The study What are the effects of large-scale land acquisitions on selected economic and social indicators? takes an in-depth look at large-scale land acquisitions in Africa and assesses their overall impact . It was published by Misereor in June 2021.
In the Global South, the demand for fertile land has resulted in international investors making large-scale land acquisitions (LSLAs). According to the Land Matrix, 37 per cent of the number of deals worldwide and 34 per cent of the globally acquired land for agricultural purposes is located in Africa.
Proponents of LSLAs argue that in the underdeveloped agrarian sector in countries of the Global South, investments are urgently needed to close yield gaps and satisfy the demand for agricultural commodities, and not least to feed the rapidly growing world population. They therefore frame LSLA as a development opportunity.
Operation of land deals: roughly half of the deals concluded are operational (54 per cent of 399 deals), but only 11 per cent of the area under contract in these deals is cultivated (Land Matrix dataset from July 2019). Land and water speculation explains part of this phenomenon. Further reasons for low realisation by investors include a lack of reliable information on the production potential of the acquired land, border conflicts with neighbouring LSLA farms or smallholders, difficulties regarding the provision of agricultural inputs, investors’ capital restrictions and insecurity about the long-term validity of the land deal.
Food production: a large proportion of crops cultivated on LSLA farms is for non-food purposes. Thus, the shift from smallholder farms to LSLAs often results in an effective loss of food production relative to the food-non-food production ratios of small-scale farmers. Claims that LSLAs are a way of improving food security in the host countries should therefore be taken with caution.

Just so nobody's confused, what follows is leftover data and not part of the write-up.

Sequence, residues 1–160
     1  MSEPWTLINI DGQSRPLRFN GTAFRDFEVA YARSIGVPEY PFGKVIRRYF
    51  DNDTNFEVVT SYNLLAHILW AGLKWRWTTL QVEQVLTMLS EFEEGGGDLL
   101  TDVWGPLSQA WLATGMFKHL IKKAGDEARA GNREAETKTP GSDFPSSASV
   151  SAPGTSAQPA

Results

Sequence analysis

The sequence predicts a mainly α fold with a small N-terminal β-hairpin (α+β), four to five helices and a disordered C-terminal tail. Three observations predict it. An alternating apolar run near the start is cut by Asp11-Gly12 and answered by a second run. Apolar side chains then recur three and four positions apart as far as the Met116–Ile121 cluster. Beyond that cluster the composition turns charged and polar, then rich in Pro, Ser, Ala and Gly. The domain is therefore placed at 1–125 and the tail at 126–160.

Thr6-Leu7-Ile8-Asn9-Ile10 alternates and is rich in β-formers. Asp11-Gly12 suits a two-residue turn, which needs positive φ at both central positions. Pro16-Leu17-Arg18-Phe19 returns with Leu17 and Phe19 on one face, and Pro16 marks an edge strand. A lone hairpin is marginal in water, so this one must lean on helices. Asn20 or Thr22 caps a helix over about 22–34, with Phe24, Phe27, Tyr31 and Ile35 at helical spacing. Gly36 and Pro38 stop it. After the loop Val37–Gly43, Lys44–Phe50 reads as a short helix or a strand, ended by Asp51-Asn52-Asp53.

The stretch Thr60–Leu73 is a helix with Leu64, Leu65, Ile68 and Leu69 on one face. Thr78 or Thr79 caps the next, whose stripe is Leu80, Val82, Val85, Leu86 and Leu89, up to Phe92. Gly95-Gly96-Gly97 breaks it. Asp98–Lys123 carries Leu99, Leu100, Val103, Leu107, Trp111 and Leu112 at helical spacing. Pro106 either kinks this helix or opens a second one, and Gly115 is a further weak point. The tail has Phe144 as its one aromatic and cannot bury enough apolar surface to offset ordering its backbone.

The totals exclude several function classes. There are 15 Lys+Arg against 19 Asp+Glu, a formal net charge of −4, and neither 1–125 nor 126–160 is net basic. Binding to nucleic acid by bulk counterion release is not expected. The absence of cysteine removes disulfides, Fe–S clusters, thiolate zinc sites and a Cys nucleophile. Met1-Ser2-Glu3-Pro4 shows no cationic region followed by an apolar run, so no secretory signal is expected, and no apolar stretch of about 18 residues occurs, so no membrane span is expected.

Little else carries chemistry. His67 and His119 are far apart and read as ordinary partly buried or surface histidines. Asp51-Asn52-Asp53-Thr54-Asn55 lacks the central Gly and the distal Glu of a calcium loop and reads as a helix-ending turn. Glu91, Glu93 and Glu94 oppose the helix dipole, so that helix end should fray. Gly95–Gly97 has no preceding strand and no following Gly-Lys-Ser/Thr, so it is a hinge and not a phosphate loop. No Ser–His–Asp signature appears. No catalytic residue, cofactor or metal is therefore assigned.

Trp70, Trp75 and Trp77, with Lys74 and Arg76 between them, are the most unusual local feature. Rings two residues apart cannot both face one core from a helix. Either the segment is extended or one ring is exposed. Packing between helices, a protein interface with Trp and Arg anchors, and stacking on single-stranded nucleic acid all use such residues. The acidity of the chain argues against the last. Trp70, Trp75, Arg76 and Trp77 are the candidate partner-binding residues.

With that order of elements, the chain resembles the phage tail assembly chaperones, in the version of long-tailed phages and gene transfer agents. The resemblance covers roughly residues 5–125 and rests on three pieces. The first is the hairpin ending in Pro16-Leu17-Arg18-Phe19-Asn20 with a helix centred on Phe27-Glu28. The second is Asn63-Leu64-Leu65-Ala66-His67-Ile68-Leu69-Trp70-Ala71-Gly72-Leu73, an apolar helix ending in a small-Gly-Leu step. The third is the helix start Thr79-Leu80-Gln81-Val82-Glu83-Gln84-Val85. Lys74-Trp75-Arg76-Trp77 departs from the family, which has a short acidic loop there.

Yields: despite the common argument that LSLA farms could help to close the yield gap, the evidence available does not support the assumption that LSLA farms are generally able to obtain higher yields per unit area than smallholder farms even though they usually apply higher amounts of external inputs. Some studies even showed that under the same agro-ecological conditions, larger farms generally achieve lower productivity per hectare than smaller farms.
Access to land: the loss of access to land and natural resources is found to be the most important negative effect of LSLAs on local people. Free, prior and informed consent is generally lacking. Customary land is often permanently converted, leading to definitive land loss for small-scale farmers, pastoralists, and local communities including common land.
Discharge of labour: in a study modelling LSLA impacts in five African countries, a net employment effect of between -22 and -74 per cent for the acquired land was calculated. According to the study, the discharge of labour is, therefore, high in the immediate vicinity of the LSLA, but comparably small in relation to total national employment in agriculture.
Infrastructure creation clearly benefits locals. However, the extent to which rural communities benefit can vary considerably depending on location and the type of infrastructure created. There are reports that investors see the creation of infrastructure and social services as a replacement for lost livelihoods. This leads to negative follow-on effects as the local population does not receive any effective compensation for the loss of their livelihoods.In some cases, infrastructure creation is promised but never realised.
Markus Wolter, Misereor
You can download the study What are the effects of large-scale land acquisitions in Africa on selected economic and social indicators? from the Misereor website